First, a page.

Interview with Jamil Azar, Al Jazeera Senior Anchor

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This interview was conducted as part of "24/7: The Rise and Influence of Arab Media," a radio documentary produced by the Stanley Foundation in association with KQED Public Radio.

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Jamil Azar is an editor, senior anchor, and chief language monitor for the Arabic language, satellite news network Al Jazeera. Azar spent 31 years working for the BBC before moving to Al Jazeera. He spoke with Keith Porter and Kristin McHugh at a Stanley Foundation conference in Dubai, United Arab Emirates.

Q: The first thing I said we wanted to ask you about is the [Al Jazeera] slogan, "The opinion and the other opinion." Where did that come from?

Jamil Azar: That came actually from the notion that Al Jazeera is going to project all points of view in its coverage—not only in the news, in its programs, different programs. And when I was asked to think of a slogan for Al Jazeera, I thought that this would require some time. Although they wanted it immediately, I said, "No, you can't have it before three days." And three days were given. And I suggested a couple [slogans], but I indicated the preference. And the preference was, "The opinion and the other opinion."

Q: What does it mean? What are you hoping that people who hear it come away with? What idea do you want to plant in their head?

Azar: Well, in fact, because of the realities at the time—the realities of the media in Arab countries—there was mainly only the point of view of the government, the official state point of view. And the opposition, the other parties to developments, were not there. And if Al Jazeera, I think, did not address this anomaly, I think Al Jazeera would have failed its mission, if you like. Therefore, this was a very important principle on which Al Jazeera worked. And we did that, I think, successfully.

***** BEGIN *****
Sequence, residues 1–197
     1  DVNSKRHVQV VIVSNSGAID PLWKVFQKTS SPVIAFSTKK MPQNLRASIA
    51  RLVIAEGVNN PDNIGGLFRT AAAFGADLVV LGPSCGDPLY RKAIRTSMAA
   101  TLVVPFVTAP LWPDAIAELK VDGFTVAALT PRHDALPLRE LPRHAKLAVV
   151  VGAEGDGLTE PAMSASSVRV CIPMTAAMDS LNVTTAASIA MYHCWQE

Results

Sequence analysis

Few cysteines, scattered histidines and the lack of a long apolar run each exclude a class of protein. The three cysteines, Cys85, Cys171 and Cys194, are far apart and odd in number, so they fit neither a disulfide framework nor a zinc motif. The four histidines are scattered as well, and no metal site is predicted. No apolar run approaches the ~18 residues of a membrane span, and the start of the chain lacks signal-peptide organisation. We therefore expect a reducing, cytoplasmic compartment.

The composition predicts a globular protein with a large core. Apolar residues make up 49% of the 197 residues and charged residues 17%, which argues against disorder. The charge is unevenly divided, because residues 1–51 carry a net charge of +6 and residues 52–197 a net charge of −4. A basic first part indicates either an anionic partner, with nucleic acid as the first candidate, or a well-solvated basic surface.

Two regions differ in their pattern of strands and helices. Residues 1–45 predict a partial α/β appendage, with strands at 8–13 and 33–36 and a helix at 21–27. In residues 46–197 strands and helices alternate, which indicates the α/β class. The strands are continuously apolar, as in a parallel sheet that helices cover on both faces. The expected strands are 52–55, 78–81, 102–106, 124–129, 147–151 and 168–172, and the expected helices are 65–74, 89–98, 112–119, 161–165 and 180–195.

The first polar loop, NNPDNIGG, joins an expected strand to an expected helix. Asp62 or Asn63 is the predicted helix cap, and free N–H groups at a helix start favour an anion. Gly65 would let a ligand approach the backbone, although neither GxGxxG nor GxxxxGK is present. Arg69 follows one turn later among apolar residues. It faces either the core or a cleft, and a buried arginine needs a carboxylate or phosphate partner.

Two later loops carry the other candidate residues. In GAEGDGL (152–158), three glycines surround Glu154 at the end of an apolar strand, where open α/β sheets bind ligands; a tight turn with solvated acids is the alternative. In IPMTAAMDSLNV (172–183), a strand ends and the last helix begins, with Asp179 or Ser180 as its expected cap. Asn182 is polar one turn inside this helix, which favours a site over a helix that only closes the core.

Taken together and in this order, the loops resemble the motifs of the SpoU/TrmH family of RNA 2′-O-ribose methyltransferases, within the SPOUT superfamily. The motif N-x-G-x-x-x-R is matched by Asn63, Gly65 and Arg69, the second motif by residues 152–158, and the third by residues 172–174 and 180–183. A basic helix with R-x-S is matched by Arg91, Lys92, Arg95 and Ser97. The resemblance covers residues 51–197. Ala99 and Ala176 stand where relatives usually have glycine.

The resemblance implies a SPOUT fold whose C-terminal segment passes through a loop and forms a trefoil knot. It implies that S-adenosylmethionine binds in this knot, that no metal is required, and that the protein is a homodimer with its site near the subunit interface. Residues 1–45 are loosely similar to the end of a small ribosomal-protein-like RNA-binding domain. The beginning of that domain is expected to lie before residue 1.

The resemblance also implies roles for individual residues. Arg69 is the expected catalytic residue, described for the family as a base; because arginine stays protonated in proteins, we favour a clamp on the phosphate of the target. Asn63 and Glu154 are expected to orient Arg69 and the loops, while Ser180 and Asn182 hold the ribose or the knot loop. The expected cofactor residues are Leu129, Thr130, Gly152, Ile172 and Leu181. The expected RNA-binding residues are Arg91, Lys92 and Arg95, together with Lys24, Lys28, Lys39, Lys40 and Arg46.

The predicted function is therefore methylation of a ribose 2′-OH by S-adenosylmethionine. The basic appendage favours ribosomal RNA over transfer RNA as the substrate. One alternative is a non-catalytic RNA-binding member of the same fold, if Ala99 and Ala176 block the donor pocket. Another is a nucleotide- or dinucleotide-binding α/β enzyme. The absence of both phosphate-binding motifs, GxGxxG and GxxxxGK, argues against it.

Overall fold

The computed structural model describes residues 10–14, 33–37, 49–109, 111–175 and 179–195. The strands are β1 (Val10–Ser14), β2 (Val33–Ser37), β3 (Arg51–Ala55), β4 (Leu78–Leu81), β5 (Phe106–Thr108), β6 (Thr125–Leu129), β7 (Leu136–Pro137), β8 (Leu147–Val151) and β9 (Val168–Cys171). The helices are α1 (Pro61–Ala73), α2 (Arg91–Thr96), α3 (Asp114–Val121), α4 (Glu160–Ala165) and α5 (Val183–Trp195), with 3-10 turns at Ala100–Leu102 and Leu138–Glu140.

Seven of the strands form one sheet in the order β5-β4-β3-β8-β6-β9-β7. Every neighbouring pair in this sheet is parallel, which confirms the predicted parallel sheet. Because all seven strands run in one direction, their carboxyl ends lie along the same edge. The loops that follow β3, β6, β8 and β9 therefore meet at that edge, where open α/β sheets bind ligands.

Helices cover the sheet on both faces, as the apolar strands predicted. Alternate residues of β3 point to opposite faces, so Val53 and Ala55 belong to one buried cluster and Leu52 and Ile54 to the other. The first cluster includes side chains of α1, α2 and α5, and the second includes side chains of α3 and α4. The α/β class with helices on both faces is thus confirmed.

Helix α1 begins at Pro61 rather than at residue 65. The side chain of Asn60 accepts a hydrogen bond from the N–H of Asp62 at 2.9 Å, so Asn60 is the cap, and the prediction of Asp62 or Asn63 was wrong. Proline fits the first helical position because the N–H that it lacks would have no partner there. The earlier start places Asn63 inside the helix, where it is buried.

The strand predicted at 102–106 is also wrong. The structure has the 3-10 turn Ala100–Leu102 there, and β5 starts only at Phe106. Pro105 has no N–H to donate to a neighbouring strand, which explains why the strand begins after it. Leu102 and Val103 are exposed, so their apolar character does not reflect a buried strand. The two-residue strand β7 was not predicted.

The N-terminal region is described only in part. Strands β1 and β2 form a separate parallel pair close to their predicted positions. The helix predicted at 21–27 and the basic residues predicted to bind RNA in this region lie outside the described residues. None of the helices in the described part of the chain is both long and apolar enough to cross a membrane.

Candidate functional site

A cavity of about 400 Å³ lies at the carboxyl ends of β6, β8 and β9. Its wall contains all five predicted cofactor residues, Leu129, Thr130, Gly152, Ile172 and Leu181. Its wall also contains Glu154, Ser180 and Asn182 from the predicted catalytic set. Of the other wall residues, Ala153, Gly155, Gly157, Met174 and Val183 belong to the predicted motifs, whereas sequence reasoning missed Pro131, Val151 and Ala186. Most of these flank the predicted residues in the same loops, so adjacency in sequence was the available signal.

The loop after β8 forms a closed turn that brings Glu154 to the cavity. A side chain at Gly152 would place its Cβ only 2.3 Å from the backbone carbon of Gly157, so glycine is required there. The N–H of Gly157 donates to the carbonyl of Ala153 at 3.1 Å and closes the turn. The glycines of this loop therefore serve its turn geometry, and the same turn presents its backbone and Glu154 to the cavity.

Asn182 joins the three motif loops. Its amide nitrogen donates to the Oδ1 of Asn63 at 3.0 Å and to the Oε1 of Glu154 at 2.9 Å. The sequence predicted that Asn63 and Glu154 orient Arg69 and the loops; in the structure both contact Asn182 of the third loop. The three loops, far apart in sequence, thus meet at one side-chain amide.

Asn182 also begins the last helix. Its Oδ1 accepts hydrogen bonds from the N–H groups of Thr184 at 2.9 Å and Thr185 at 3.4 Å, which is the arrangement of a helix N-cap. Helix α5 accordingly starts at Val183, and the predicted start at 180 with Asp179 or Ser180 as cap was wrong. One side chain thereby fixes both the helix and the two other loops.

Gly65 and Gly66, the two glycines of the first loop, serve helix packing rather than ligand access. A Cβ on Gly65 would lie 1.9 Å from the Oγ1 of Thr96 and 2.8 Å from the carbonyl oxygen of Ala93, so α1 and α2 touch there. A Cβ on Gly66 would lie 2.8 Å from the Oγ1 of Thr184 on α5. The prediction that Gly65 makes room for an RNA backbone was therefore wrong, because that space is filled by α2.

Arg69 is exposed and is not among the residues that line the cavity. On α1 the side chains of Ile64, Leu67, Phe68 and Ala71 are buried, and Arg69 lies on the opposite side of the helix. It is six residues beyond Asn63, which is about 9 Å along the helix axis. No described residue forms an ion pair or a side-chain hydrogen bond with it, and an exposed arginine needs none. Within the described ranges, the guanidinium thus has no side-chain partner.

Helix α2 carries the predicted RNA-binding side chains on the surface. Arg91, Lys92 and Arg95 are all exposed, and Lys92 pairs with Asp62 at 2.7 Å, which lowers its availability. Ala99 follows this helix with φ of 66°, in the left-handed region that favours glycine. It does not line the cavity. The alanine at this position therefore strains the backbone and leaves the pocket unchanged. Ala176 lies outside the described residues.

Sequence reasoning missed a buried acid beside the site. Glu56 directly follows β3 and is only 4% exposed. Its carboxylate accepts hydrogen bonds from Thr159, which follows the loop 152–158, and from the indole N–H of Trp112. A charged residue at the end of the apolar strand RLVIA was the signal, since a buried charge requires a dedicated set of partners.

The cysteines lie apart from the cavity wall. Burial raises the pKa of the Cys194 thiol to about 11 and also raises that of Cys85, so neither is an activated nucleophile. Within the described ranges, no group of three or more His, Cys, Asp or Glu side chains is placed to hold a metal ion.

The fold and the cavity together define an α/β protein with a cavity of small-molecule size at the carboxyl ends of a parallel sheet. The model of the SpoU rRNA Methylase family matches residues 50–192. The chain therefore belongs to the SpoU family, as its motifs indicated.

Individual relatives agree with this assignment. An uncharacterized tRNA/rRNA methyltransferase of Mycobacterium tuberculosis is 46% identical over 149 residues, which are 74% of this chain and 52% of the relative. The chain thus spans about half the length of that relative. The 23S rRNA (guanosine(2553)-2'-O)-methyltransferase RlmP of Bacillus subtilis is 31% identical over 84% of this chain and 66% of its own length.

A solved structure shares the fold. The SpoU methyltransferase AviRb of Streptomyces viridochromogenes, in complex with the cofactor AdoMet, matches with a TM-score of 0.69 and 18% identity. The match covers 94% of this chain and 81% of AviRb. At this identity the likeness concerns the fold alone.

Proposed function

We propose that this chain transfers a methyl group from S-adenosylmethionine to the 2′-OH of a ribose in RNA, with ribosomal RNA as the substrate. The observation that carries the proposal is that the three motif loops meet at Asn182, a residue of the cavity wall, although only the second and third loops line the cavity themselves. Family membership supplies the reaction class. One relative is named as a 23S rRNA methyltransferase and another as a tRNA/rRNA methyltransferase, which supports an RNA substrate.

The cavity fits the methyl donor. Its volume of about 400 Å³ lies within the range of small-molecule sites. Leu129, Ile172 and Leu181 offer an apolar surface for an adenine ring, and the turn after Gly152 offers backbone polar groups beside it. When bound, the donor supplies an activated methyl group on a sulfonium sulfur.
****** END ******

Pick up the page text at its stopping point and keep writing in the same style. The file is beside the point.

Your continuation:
Q: So you were able to set yourself apart from the others by saying, "We're not just the opinion."

Azar: Well, this is what made Al Jazeera a phenomenon when it started, you see. It became something different, different from what the public used to have. And [became] sources of information, and that is the Arab sources of information. And we have distinguished ourselves and acquired credibility with the audience, with viewers. And we proved that we can be a match for Western media. Because we provided a service, what I would call a service of giving information to the audience with the same standard of reliability and objectivity.

Q: Tell me your Yasser Arafat story, because I think that illustrates your point of "the opinion and the other opinion."

Azar: Yes, we interviewed many presidents and many high-ranking officials in Arab countries and so forth. Now, this used to be very rare if it happened at all in Arab media before the emergence of Al Jazeera. Now the audience—the public—started to see this president, Yasser Arafat, or the Yemeni president, or a king, or one of those influential people being interviewed with challenging questions, with openness, as if they are held to account. I'm sure the individual started to look at them as normal human beings. And they can be challenged about their policies, about their faults, about their, I mean, even corruption. I remember I challenged Yasser Arafat, I told him that the Palestinian people at that time were complaining there is corruption in his administration, in his government, in his regime. You see, obviously he wasn't very happy about it. And this is only an example. I'm sure this must have been a turning point in the relationship between the individual and the state and the regime. I believe also that it has not come to fruition fully. Because this needs time to take root, as it were. And it is a positive way forward in advancing something of the democratic process in Arab countries.

Q: You heard a lot today about Al Jazeera and how Americans may or may not perceive Al Jazeera. How do you respond to the criticism? Does it affect the decisions that you make on a daily basis in terms of the way that you put together your newscast and what you say?